While this goes really beyond over complicated for something like openttd, it's rare to see endless grids of perfectly square blocks outside larger grids of streets, within larger grids of avenues. So in the very least it would make sense to have multiple layers of planning... in the least a plan might include specific dimensions for residential and commercial blocks rather than a single dimension and single grid. From some fixed plan for the larger neighborhood/district grid (X x Y) various sub-types could be selected randomly (2/3rd common, 1/12th * 4 rare?) for rows or columns within each.
Due to limited by-default selection of road type in openTTD, features like parkways, avenues and alleyways are all limited to being represented by one road type. So for that reason combined with the fixed tile grid it does not make sense to feature high-res details like alleyways.
A practical example might be:
The lanes/roads would then be initially run out at a grid spacing of 28x12. Each town would begin with a single road intersection in the center of 4 sections, 16 neighbourhoods and 64 blocks.
(... removed some vaguely related rambling about neighbourhood and block sub-types.)
Even with three simple hierarchical layers I can tell it would be easier to understand with some graphical representation... such discussion might have a better place to occur, I'd like to come back to this post and move 99% of it to a feature-request or planning thread instead linking both ways. That improved description of the idea would get some bitmaps to visualize my descriptions.
Many municipalities develop very slowly over time, where sections of such a plan are added one-by-one in single neighbourhood units, or at larger scales towns = "districts". From a planing perspective these blocks are typically fit around obstructions like hills or cliffs (any change in Z in openttd.) The origin of the large-scale dividing roads in many plans and the source of names also come from historic destinations like "Timothy Station Rd." or "Olhamm Farm Rd."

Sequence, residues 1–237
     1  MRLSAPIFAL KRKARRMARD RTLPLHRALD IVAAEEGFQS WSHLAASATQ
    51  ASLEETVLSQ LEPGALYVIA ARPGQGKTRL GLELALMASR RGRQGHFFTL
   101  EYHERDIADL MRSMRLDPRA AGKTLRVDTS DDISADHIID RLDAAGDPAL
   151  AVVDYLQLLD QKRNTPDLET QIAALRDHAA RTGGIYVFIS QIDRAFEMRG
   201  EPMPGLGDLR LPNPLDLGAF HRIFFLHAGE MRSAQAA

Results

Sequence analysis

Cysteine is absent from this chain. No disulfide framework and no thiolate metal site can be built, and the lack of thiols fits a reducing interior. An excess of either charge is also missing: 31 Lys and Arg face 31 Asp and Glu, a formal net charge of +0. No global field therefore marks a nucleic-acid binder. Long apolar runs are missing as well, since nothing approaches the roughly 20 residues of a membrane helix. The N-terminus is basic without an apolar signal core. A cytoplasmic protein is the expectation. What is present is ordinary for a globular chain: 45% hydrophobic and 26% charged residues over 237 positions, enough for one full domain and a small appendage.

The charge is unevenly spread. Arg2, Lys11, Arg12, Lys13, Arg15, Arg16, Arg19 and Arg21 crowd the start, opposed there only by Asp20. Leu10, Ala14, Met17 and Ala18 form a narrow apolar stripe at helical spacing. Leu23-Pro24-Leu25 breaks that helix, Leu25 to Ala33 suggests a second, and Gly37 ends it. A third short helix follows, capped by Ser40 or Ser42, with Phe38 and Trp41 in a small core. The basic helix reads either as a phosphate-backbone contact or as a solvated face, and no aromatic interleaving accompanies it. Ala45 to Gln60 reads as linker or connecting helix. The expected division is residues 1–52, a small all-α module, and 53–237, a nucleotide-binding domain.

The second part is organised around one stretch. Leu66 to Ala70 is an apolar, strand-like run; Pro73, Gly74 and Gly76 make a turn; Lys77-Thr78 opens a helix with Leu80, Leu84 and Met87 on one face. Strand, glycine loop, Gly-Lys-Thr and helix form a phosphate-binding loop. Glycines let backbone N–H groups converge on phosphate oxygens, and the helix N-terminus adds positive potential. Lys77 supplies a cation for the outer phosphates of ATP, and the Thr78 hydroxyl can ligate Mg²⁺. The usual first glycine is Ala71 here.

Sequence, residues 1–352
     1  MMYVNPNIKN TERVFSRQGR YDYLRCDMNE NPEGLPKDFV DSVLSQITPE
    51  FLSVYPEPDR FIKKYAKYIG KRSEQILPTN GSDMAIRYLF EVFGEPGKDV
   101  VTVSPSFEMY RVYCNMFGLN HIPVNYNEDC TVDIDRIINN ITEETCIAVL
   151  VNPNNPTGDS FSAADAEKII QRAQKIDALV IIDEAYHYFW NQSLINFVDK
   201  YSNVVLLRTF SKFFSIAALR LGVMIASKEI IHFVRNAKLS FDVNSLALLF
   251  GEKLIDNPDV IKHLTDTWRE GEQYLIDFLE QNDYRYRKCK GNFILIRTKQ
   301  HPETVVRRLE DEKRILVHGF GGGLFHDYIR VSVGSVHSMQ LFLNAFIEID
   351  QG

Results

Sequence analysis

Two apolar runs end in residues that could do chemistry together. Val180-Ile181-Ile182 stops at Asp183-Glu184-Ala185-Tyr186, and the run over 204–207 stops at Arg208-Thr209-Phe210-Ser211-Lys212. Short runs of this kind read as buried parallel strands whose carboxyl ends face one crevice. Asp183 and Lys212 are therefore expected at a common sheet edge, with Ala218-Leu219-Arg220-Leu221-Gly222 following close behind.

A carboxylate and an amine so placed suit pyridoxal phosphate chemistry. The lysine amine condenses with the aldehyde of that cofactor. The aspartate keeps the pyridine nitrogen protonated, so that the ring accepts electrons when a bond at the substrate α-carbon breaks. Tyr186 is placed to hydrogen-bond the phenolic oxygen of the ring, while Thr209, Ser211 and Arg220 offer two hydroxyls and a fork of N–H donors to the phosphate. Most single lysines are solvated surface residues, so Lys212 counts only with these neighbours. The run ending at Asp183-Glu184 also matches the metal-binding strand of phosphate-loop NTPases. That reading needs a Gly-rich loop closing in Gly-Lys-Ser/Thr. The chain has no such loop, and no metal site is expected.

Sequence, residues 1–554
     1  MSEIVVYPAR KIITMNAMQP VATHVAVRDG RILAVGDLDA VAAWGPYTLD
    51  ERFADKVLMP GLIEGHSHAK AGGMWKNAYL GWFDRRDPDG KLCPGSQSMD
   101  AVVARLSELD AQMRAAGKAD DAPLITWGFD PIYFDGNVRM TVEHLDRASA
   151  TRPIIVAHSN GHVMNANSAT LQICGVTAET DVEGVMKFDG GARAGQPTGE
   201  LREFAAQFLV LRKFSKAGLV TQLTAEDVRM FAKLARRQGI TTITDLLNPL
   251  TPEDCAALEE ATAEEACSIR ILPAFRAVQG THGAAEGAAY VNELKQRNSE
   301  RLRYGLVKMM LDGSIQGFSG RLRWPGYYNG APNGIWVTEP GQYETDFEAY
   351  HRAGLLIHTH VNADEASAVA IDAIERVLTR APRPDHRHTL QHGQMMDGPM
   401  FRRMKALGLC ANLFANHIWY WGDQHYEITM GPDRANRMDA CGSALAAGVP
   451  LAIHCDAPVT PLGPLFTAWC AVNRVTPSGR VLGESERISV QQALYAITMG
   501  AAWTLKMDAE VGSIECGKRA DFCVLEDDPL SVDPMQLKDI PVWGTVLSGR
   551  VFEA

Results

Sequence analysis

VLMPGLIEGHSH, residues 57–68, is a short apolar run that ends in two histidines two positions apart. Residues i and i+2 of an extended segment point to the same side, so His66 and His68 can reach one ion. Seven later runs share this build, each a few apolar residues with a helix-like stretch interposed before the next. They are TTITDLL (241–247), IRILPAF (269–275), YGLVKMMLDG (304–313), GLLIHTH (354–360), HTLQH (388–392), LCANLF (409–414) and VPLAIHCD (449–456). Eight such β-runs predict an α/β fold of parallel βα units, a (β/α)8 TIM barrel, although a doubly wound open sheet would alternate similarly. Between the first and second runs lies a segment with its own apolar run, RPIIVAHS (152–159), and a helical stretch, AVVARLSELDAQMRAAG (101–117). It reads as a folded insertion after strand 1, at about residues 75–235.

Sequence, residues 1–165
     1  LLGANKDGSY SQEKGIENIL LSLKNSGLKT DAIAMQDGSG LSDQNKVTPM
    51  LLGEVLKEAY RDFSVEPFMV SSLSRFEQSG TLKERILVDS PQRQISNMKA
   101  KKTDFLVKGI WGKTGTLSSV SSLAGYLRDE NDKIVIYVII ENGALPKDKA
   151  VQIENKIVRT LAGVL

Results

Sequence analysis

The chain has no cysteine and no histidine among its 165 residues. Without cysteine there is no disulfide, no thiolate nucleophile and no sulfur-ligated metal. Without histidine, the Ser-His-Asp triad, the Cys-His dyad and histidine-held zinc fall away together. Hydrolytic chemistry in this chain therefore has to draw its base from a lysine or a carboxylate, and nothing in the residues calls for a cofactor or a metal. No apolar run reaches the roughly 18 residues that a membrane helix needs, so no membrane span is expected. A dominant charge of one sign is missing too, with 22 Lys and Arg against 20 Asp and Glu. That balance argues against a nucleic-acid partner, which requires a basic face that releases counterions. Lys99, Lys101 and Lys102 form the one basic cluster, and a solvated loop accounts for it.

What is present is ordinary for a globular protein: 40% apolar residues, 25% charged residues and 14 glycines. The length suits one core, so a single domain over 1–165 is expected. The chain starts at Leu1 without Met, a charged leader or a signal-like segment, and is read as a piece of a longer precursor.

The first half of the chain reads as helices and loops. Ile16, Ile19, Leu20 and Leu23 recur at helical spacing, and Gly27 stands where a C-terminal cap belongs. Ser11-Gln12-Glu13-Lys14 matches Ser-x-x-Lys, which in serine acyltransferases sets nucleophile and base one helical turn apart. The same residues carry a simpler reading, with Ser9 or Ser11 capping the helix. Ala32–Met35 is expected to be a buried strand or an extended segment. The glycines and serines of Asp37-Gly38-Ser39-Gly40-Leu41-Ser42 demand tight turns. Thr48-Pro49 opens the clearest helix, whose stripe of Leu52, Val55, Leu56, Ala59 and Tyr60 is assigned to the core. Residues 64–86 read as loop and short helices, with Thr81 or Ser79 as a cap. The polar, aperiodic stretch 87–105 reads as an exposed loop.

That natural evolutionary process is way out of the scope of openttd currently, so the question is how to produce highly-playable approximately real looking results without such a process.
Points of reference
While there is no definite scale in openttd, it is possible to come up with a range of practical scales. A typical lane/street is approximately 20 meters wide, so as a very rough starting point based upon roads we can assume 1 tile = 20 x 20 meters. The scale for buildings on a tile is then weird since a small residential lot is generally rectangular such as 15 x 40 meters, but this is definitely close enough assuming no driveway, no garden space and such 15 x 15 sized homes are typical. That would be 225 sq meters or near 2400 sq feet.
So with confirmation of the rough house + road scale at 20 meter units, we can say a 4096 map edge would be 81.92 kilometers, meaning a 4k x 4k map could reasonably approximate the whole of the city of Detroit if everything were at perfect 90 degree angles.
Such a region could contain 798915 7x3 city blocks, 199728 neighbourhoods and 49932 sections. 7 x 3 x 2 x 2 x 2 x 2 = 336, 4096^2 = 16777216, 16777216 / 336 = 49932.
So this verifies that the 4k scale is way beyond enough to contain towns with such "realistic" block sizes.